An assessment of the cognitive behavior exhibited by secondary agriculture teachers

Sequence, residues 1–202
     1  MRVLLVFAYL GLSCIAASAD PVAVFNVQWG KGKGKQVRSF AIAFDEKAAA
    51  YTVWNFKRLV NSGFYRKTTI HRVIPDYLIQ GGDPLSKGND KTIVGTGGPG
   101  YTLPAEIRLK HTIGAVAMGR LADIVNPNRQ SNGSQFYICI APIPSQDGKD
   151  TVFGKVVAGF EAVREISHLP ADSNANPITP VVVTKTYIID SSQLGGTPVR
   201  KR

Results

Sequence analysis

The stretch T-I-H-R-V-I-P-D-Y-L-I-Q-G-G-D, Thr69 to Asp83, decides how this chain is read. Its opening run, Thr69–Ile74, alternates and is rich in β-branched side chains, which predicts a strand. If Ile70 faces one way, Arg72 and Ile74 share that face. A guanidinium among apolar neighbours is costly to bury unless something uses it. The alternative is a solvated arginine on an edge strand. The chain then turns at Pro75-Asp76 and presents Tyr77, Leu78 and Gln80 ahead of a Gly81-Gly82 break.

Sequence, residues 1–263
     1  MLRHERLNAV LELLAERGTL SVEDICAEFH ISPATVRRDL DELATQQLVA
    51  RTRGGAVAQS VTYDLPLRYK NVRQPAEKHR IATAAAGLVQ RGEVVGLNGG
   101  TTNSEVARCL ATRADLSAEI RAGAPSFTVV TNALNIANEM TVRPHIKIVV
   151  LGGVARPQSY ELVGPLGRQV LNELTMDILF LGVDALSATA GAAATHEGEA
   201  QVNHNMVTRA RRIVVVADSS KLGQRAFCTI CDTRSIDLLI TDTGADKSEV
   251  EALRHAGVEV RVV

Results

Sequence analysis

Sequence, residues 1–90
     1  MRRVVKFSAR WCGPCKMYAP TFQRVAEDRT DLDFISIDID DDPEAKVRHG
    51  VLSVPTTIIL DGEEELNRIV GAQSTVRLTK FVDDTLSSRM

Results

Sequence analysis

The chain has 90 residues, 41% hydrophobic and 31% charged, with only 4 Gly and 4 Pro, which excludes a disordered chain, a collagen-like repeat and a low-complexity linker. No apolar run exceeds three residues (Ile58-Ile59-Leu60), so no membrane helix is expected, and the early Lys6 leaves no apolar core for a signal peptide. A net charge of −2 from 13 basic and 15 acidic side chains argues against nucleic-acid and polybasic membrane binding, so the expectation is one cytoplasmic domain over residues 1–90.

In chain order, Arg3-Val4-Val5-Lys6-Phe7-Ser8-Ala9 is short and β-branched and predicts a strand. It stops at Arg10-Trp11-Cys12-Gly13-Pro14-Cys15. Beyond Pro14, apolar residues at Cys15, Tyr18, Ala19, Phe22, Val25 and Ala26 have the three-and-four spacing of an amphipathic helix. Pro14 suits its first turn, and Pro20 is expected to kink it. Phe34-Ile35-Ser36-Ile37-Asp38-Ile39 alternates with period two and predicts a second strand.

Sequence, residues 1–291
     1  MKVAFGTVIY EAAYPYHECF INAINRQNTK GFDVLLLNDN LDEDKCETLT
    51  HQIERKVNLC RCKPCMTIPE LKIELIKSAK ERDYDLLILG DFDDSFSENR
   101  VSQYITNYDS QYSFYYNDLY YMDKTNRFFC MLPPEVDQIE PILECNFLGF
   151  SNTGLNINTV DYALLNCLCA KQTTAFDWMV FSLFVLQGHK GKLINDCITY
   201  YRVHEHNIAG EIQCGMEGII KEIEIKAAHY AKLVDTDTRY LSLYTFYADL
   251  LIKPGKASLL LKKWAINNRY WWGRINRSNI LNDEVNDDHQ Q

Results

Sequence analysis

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Federal initiatives, state legislation, and educational leaders have encouraged educators to teach higher-order thinking skills. Teacher behaviors have been identified as variables of influence for higher-order thinking. The purpose of this study was to investigate the level of cognitive behavior exhibited by secondary agriculture teachers, how they compare to science teachers, and what characteristics are indicators of specific cognitive behaviors. The sample consisted of agriculture teachers in Central Missouri. Biology teachers from each school were utilized as a comparison group. For this descriptive-correlational study, the Florida Taxonomy of Cognitive Behaviors was used. Additionally, an attitudinal questionnaire was used to collect the teachers' attitude toward teaching at higher cognitive levels. Agriculture teachers had a slightly favorable attitude toward teaching at higher cognitive levels. Eighty-two percent of agriculture teachers' observed class time was spent on lower-order behavior. Science teachers were found to have similar results. No differences were found between agriculture and science teachers' cognitive behaviors. Measures should be taken at both the in-service and pre-service level to inform teachers of the importance of cognitive behavior and techniques for exhibiting cognitive behavior. Teacher, school, and class characteristics did not predict cognitive behavior with the current data.